Exclusion criteria (Figure 1; Supplementary Material) were applied to all participants. Patients referred for bilateral shoulder examination were not selected to avoid bias. Controls were not included if they referred shoulder complaints at first interview or scored more than 10 points on a DASH (disabilities of the arm, shoulder, and hand outcome measure) questionnaire (22).
Participants filled a written form, including a DASH questionnaire scored as described in literature (23). Sociodemographic and clinical data were collected by interview; profession was classified according to the International Standard Classification of Occupations (ISCO 08) (24).
A physical exam was performed by one of two rheumatology residents. Active range of motion was registered, and total degrees lost calculated as the sum of the differences to maximum values (180° for abduction and flexion and 90° for internal and external rotation).
The US exam was performed to all participants by a radiologist with 16 years of shoulder US experience, blinded to the results of questionnaires and physical exam. The exam was performed with an Acuson S2000 (Siemens Medical Solutions USA Inc., Issaquah, WA) with a multifrequency linear probe (14L5) operating between 5 and 14 MHz (minimum 11 MHz used). In random participants (n = 15) a second exam was performed by a radiology resident, for an inter-observer reliability assessment. The exam took place with the patient sitting in front of the examiner and followed described procedures (25–27). The long head of the biceps tendon was evaluated with the arm in a neutral position and the forearm on patient's lap. The subscapularis tendon was examined with the arm in external rotation. The supraspinatus tendon was examined with the patient's shoulder in internal rotation, with the hand placed on the back. The infraspinatus and teres minor tendons were evaluated with the patient's hand again on her/his lap, in slight internal rotation. All tendons were scanned on their long and short axis.
Rotator cuff calcifications were defined, as in previous studies (13, 14), as echogenic focus with or without posterior acoustic shadow, identified and measured in two orthogonal planes. The total number was registered and the six largest were described by its largest diameter, location in lateral-medial direction disclosed by the distance to osseous insertion in a direction parallel to tendon fibers, location in a particular tendon or structure, shape geometry, regularity and definition, intensity of acoustic shadow, and grouping.
Changes in tendon echotexture were reported as heterogeneity (variable echogenicity along the tendon) or hypoechogenicity (compared to muscle) and graded (mild—possible change; moderate—definite change). Tendon rupture (17, 25, 26) was classified as full or partial thickness. Subacromial conflict was assessed (28–31).
Color and Power Doppler used a pulse repetition frequency (PRF) of 488 Hz, as previously described (13, 17), with gain set at the highest gain which provided no or only minimal noise, and were graded from 0 to 3. A twinkling artifact was considered when a fast alternance between colors near the limit of spectrum was found.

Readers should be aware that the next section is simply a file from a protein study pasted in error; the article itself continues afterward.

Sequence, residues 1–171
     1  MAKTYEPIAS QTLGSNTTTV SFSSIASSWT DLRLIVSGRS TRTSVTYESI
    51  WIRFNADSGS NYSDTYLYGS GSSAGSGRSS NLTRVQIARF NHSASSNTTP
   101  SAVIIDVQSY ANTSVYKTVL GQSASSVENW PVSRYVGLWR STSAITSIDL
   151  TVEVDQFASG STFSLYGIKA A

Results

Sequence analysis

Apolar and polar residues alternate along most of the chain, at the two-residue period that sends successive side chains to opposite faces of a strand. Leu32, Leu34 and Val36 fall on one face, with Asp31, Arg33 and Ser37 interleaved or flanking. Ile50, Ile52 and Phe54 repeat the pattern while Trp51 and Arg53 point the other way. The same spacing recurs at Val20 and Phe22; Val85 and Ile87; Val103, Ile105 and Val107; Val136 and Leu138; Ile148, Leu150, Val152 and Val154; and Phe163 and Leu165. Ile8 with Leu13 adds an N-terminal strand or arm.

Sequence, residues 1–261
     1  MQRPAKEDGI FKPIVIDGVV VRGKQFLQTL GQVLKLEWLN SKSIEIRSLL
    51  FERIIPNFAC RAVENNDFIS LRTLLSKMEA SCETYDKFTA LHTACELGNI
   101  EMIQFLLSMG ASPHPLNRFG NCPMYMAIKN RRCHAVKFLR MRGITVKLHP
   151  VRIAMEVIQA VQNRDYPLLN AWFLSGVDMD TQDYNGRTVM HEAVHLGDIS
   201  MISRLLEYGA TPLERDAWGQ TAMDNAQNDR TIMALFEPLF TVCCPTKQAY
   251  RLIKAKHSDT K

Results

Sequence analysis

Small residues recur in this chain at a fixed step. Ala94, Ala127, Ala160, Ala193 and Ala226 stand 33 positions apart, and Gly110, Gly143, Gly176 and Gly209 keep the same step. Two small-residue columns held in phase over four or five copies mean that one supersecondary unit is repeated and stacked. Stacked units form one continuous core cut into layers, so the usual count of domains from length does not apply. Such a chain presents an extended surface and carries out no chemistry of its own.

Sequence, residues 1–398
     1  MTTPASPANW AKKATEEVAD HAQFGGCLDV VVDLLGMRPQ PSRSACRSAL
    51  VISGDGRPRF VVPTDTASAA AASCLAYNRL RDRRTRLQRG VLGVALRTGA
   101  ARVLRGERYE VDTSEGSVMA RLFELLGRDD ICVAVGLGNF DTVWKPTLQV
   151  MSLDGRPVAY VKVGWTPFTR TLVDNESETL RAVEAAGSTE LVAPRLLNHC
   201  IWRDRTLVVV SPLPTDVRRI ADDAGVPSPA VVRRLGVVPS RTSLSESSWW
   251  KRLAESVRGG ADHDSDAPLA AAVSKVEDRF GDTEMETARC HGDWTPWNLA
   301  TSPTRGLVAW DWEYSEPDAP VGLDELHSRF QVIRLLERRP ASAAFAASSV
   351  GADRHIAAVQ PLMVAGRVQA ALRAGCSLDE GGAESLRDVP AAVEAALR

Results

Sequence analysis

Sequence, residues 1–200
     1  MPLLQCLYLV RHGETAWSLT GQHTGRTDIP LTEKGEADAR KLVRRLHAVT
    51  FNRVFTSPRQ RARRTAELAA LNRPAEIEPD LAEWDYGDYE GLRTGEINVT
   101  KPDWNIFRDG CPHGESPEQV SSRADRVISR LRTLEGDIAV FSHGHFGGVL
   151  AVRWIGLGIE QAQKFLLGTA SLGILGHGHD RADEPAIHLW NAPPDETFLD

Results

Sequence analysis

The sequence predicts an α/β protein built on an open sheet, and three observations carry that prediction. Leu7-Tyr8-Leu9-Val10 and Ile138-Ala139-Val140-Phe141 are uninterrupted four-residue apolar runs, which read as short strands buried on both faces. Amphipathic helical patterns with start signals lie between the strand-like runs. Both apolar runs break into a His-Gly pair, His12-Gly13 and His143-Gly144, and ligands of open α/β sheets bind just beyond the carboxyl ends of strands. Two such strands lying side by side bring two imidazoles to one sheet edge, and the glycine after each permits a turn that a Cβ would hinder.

A Fisher's exact test was used to compare frequencies of categorical variables between groups and a Mann-Whitney U-test was employed to compare distribution of continuous or ordinal data, except when a normal distribution was found (using Shapiro-Wilk's statistics) and an independent-samples t-test could be applied. Spearman's coefficient was used for bivariate correlations.
Findings with significant or near significant (p < 0.10) differences were further investigated in two similar size age subgroups (predefined to be below or above median age) and cutoffs derived from analysis of receiver operating characteristic (ROC) curves were applied.
Regarding reliability, Cohen's Kappa coefficient, and intraclass correlation coefficient (ICC), based on a single measurement, absolute-agreement, two-way mixed-effects model, were used. The influence of possible confounding variables differing between cases and controls was assessed by sensitivity analysis.
An algorithm was constructed which incorporated US significant variables, as major criteria if specificity in the study sample was at least 97%, and as minor criteria otherwise or if criteria was subjective (tendon echotexture changes and thickening); age subgroup or specific location criteria were applied if they provided better significance or specificity. The number of minor criteria required was defined using ROC curves analysis. Confidence intervals (CI) for sensitivity and specificity were calculated by Wald method (32).
All tests used were two-tailed and p-values <0.05 were considered significant.
Data was analyzed using SPSS statistical software, version 24 (IBM corp., Armonk, NY, USA).
Characteristics of the Groups
From the 243 cases selected, 103 were excluded by predefined criteria (Figure 1). Of particular relevance, chronic inflammatory disease patients were excluded, including systemic lupus erythematosus (n = 10), rheumatoid arthritis (n = 5), ankylosing spondylitis (n = 2), and idiopathic inflammatory bowel disease (n = 2). The sociodemographic and clinical characteristics of the 202 participants (140 cases and 62 controls, median age 56 years) are displayed in Table 1. Cases and controls showed no difference in sex, age, dominancy of examined shoulder, or occupation. In the cases' group, 139 participants had shoulder pain in the previous week (one participant had only complaints of numbness), 123 reported loss of strength, 113 numbness, and 100 loss of mobility. A positive physical exam was more frequent in cases than in controls (127/140 vs. 2/62, p < 0.001). In the cases' group, the median number of days with symptoms was 365 (interquartile range = 745). Only DASH score in the cases' group showed a normal distribution, thus non-parametric statistics were applied in all other situations.